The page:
Tuesday, 1 October 2013

Review - The Arrow of Sherwood by Lauren Johnson

The year is 1193 and Lord Robin of Locksley returns home after years of fighting in the Holy Land.  He has changed from the headstrong, hedonistic boy that committed a crime and was sent away as punishment.  Where there was once a boy, a man now stands.

However, in the time he has been away his father has died and his lands have been usurped.  The county is in turmoil as the Vipont family and their supporters squeeze the local villeins and serfs for every penny in tax and fine them heavily for any transgression - however small.  Innocent people are condemned to hang just for standing up for their rights and Robin begins to realise that as a lord, he has a responsibility to defend the people whom he once ruled.

He tries to regain his lands legally, but when he uncovers a plot between the Viponts and the John, Count of Mortain to wrestle the crown from King Richard his life becomes threatened and he is banished from the Locksley Estate.  A cold blooded murder finally pushes Robin into a corner, when the only thing he can do is what he does best......fight.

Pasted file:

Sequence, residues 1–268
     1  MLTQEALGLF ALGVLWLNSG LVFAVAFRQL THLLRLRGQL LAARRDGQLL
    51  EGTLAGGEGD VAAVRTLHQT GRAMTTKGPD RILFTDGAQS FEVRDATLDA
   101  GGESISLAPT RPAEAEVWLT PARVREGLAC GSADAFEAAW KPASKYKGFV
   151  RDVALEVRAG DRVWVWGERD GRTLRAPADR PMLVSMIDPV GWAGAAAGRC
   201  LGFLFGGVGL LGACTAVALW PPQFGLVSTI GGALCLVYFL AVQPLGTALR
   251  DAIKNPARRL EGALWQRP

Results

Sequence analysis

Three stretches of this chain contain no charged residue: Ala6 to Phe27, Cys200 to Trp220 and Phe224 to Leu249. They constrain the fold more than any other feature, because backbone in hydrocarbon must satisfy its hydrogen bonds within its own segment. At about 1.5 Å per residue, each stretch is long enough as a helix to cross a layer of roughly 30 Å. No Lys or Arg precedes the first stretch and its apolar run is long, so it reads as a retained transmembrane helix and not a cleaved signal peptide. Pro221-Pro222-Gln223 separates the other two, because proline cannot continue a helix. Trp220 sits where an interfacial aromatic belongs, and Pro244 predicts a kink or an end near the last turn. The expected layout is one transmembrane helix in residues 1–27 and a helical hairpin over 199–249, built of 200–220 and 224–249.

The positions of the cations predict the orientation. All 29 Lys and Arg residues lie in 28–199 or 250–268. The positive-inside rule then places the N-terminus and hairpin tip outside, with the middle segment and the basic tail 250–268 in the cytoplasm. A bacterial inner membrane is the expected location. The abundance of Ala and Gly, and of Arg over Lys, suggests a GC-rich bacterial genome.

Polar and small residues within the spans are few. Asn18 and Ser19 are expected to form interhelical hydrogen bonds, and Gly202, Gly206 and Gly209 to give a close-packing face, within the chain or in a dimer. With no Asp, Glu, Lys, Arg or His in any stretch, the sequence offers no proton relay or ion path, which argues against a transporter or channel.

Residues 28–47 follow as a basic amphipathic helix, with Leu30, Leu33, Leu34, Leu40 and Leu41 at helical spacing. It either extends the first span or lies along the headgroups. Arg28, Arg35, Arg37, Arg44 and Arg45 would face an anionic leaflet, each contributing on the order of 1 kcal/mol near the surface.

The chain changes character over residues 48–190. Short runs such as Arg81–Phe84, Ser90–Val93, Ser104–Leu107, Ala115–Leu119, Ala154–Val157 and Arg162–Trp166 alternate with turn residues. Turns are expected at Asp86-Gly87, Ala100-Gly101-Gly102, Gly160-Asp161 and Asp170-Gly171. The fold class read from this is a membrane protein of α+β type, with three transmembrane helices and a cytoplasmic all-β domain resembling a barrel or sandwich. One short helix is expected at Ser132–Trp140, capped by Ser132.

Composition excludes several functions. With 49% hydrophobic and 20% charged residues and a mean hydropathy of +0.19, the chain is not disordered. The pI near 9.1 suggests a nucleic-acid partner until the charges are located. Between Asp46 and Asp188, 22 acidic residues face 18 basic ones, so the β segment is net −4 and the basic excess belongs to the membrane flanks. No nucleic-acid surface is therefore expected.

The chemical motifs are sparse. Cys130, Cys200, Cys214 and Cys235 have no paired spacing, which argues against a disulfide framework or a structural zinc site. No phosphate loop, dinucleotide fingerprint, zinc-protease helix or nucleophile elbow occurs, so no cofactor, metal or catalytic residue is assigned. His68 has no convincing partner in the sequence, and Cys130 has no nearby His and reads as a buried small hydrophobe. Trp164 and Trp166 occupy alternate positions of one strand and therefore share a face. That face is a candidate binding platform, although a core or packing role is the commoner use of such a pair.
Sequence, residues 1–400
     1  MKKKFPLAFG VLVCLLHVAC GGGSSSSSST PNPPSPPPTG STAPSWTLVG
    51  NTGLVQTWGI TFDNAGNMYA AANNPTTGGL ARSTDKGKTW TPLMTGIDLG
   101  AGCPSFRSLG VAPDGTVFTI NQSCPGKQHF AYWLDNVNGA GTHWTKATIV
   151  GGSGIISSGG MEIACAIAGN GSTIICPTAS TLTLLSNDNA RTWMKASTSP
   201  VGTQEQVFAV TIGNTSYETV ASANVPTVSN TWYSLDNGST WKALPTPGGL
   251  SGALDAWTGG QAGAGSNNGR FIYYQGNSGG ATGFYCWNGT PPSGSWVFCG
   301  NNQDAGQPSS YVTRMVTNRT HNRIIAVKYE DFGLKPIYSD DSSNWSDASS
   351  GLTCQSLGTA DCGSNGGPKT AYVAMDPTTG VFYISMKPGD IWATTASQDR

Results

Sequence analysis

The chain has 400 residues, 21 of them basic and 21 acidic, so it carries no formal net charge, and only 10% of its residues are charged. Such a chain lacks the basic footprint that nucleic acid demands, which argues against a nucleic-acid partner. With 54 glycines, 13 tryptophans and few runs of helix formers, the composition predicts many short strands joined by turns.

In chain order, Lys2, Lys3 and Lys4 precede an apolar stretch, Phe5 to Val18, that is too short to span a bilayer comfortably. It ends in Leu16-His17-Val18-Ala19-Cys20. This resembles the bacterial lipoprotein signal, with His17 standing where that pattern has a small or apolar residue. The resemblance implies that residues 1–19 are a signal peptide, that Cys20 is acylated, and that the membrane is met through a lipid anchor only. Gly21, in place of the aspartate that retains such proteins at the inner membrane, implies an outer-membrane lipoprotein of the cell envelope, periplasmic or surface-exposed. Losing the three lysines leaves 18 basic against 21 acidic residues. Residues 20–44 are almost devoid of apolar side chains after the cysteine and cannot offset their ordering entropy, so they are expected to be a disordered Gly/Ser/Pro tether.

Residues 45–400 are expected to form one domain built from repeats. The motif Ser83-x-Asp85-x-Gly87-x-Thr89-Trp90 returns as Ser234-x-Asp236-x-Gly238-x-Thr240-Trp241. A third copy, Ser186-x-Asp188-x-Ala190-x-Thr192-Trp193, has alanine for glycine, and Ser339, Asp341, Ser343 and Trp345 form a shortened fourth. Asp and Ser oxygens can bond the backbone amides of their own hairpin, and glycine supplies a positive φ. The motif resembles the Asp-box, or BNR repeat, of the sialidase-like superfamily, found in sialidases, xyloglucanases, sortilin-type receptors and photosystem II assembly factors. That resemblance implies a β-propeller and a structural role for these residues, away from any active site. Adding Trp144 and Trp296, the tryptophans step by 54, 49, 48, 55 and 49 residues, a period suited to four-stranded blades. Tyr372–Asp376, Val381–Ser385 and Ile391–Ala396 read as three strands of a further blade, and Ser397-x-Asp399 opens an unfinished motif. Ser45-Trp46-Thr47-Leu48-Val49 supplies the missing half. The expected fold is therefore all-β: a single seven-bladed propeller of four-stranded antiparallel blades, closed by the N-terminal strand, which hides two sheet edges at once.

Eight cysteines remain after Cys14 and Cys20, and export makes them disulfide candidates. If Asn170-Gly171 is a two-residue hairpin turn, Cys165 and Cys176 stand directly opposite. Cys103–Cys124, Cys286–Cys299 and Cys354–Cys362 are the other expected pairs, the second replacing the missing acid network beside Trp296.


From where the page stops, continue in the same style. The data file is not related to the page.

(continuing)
The tale of Robin Hood is one that everyone can recite.  Will Scarlette, Friar Tuck, The Sheriff of Nottingham and Maid Marian are all well known characters whose part in the tale are well known.
However, Lauren Johnson, cleverly twists the characters in this imaginative reworking of the legend and not all the usual suspects play their pantomime roles.

The author is a historian and it shows as her accuracy to the period is exceptionally accurate.  Combined with a natural flair for story-telling, The Arrow of Sherwood is a very impressive debut by the Bristol born author.  Being very interested in this period of history, I am always drawn to stories like this but even though the legend of Robin Hood is well known, this is a refreshing and unique perspective and one that deserves to be read.

I am proud to give the Arrow of Sherwood 5 Crosses and bestow Lauren Johnson with the Golden Hammer and Anvil Shield for writing a very impressive debut novel which surprises and thoroughly entertains.
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